The animal rights group that wants to ban Central Park’s horse carriage industry galloped away from Curtis Sliwa even after the GOP mayoral candidate — who supports the prohibition — appeared at a protest over the treatment of a sick horse.
“NOTE: While Curtis Sliwa attended today’s protest, NYCLASS is NOT endorsing his candidacy or his agenda,” the group said in bold, red letters in a press release following the demonstration on Thursday.
NYCLASS executive director Edita Birnkrant said her organization would likely make an endorsement in the mayor’s race but hasn’t made any decisions yet.
But she suggested Sliwa, an avowed animal rights activist who lives with 15 foster cats in his Manhattan studio apartment, wouldn’t get the group’s backing, even though he supports their central cause.
“We are a progressive organization and our main focus is obviously animal rights, but we also care about social justice and equality across the board so when we endorse someone we take those other factors into account,” Birnkrant said.
Democratic mayoral candidate Eric Adams does not support the carriage ban but has said he’s open to discussing the issue. In April, he was endorsed by the Transportation Workers Union Local 100 that represents horse carriage drivers.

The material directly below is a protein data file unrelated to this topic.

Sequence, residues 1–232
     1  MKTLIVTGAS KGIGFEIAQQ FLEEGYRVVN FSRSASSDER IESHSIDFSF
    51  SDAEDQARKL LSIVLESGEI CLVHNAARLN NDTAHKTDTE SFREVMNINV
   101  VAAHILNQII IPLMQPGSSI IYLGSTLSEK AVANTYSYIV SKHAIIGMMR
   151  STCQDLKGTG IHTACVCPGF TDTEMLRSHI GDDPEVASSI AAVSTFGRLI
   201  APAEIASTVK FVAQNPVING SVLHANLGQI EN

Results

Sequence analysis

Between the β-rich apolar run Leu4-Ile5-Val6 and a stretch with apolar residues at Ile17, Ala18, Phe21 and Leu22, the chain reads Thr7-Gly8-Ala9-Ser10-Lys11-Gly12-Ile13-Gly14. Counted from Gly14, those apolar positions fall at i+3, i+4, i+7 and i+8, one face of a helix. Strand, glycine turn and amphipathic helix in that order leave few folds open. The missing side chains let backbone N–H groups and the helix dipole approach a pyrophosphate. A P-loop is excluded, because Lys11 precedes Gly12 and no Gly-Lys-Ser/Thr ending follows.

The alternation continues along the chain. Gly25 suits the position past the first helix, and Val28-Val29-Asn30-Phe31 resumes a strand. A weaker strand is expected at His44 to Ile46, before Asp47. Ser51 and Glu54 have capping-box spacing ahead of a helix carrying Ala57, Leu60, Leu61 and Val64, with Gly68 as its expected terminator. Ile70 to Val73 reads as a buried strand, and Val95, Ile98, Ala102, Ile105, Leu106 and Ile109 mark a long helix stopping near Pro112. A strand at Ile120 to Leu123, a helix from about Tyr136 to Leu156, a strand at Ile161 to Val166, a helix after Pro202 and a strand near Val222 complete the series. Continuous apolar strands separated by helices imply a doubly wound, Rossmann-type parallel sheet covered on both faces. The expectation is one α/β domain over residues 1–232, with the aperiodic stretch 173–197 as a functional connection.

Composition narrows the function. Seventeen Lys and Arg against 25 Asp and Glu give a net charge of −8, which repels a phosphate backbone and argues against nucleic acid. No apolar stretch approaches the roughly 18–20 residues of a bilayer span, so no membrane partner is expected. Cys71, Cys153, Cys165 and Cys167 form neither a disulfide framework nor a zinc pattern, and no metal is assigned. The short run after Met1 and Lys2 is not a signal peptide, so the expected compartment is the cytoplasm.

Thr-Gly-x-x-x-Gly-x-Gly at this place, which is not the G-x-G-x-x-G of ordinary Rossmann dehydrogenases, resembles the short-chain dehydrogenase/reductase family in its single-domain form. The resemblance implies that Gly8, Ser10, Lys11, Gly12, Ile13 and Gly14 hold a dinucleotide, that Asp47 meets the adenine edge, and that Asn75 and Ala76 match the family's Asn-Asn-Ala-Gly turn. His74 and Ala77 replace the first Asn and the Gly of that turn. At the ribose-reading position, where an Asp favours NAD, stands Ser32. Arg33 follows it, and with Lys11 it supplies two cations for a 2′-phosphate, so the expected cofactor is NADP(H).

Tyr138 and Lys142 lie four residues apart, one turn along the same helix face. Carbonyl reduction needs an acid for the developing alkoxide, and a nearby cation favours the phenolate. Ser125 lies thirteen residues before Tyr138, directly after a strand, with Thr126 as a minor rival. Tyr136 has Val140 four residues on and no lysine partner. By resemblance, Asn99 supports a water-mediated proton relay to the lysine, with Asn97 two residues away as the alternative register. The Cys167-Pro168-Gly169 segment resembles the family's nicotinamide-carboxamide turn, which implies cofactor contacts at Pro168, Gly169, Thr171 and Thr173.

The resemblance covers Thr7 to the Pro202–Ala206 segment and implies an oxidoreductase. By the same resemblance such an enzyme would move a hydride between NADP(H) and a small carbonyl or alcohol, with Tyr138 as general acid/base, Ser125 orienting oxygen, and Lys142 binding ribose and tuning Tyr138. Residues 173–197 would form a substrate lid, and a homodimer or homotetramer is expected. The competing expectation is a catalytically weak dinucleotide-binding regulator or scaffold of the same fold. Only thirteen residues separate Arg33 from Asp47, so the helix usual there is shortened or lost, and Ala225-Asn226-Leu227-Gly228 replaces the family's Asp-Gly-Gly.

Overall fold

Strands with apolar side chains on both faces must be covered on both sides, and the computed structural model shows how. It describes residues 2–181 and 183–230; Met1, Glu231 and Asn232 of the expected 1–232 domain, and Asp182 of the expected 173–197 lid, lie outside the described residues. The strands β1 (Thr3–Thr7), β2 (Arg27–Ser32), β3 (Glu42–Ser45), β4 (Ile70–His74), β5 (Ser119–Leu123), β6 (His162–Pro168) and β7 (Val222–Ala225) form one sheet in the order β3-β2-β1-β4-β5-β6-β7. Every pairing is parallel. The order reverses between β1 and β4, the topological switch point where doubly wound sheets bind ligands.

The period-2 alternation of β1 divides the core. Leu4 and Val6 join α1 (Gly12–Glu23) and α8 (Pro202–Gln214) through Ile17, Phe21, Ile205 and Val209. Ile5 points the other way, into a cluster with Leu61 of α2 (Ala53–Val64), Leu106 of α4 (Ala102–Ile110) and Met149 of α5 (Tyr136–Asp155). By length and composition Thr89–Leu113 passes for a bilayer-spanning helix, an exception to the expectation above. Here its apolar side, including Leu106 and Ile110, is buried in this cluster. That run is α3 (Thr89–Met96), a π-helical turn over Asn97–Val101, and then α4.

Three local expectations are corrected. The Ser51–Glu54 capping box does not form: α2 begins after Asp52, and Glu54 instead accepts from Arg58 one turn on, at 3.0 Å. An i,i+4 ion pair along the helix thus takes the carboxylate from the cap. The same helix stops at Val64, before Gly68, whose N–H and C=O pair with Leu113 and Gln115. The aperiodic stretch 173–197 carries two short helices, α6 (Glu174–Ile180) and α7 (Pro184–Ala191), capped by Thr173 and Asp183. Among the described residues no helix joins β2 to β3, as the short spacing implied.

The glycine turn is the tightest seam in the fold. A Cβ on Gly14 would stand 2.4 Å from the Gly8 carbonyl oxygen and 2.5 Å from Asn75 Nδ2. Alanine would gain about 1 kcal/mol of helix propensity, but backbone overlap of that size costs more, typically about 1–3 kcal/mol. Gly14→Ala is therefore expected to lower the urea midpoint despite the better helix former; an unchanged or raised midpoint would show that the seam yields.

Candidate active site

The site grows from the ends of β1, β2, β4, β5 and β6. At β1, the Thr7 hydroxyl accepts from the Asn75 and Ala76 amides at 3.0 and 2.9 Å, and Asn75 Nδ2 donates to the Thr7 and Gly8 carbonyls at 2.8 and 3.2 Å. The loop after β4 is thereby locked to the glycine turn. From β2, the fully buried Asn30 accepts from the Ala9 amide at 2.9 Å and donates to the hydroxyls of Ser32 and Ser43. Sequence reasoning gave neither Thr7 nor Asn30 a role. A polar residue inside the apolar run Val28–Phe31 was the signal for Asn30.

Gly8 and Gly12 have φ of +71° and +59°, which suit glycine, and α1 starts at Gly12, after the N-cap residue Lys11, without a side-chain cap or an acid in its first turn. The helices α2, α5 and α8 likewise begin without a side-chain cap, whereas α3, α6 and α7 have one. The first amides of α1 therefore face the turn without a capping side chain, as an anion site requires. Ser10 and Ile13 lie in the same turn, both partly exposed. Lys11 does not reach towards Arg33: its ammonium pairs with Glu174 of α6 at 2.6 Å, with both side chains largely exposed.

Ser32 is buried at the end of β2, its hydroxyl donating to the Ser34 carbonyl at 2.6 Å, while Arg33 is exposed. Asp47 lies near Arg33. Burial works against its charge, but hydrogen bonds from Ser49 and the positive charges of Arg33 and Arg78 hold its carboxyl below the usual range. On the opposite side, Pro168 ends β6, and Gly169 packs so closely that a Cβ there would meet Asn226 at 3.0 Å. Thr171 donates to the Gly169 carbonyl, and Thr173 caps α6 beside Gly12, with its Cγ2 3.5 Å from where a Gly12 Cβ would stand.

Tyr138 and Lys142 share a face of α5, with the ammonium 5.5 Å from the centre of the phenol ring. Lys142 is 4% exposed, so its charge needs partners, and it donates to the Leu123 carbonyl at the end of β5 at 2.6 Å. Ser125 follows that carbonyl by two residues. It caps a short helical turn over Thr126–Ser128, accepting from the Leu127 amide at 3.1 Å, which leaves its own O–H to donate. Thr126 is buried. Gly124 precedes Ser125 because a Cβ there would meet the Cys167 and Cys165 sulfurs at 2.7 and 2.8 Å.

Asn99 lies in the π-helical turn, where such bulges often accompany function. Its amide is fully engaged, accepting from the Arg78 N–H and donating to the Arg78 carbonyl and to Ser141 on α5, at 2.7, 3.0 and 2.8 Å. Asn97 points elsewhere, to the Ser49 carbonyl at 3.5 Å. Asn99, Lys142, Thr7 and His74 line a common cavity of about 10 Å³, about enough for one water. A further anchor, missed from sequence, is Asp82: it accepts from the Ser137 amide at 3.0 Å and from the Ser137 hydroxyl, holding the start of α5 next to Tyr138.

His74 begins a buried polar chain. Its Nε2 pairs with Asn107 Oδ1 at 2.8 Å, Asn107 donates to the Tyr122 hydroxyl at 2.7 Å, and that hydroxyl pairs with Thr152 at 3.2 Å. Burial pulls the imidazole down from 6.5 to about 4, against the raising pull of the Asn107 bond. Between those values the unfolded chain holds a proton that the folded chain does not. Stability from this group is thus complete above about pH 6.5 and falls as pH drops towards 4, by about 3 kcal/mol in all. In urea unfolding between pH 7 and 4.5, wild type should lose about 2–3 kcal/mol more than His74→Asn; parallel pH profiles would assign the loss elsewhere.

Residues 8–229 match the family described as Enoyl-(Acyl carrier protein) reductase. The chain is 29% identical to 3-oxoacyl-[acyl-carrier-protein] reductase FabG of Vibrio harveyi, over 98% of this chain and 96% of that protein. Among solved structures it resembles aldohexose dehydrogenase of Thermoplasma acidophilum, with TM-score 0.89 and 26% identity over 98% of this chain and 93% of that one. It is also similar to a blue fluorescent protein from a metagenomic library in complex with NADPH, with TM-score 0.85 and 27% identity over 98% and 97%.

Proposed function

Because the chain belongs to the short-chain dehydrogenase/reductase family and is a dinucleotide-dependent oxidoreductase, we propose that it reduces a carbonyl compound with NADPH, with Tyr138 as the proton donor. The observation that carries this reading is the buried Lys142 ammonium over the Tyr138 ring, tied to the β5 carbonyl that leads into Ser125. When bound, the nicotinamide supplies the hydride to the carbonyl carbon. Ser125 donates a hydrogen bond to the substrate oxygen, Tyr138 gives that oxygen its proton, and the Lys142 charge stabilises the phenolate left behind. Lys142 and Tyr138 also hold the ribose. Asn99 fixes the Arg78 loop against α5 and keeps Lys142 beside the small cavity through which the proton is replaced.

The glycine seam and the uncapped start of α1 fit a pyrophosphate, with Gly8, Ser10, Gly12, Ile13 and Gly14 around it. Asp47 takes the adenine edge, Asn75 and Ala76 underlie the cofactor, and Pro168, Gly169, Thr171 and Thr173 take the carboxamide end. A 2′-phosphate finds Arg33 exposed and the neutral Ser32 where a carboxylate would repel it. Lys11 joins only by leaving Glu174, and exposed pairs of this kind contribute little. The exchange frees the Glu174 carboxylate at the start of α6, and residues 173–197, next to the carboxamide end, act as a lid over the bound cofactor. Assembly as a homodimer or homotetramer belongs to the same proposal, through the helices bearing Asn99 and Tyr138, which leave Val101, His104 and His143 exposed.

NYCLASS’s Sliwa snub comes as its political ties emerged.
The city clerk’s most recent lobbying filing shows that Jason Ortiz, of Blue Suit Strategies, has gotten paid $21,000 this year working as a lobbyist for the anti-horse carriage group.
Ortiz formerly worked as a political director at the New York City Hotel Trades Council — and his successor there, Katie Moore, is now Adams’ campaign manager.
Ortiz also helped run Strong Leadership NYC, a political action committee that supported Adams’ successful primary bid.
Ortiz declined to comment.
Birnkrant, meanwhile, said Ortiz’s link to Adams wasn’t a concern.
“We’ve used lobbyists in the past who may have a lot of other connections, but that has nothing to do with us,” she said.
Sliwa told The Post he still hopes for an endorsement from NYCLASS.
“This is an issue I’m in solidarity with them on,” he said about the horse-carriage ban.
“Hopefully they’ll endorse me.”
In 2013, NYCLASS funded attack ads against Christine Quinn, the former City Council speaker, who ran for mayor against de Blasio shortly before the Democratic primary. The group later contributed $900,000 to de Blasio’s campaign and a nonprofit supporting his political agenda.
NYCLASS had to pay $10,000 to a state watchdog in 2015 to settle ethics violations for failing to register as a lobbyist and file disclosure forms while petitioning de Blasio on issues relating to horse carriages.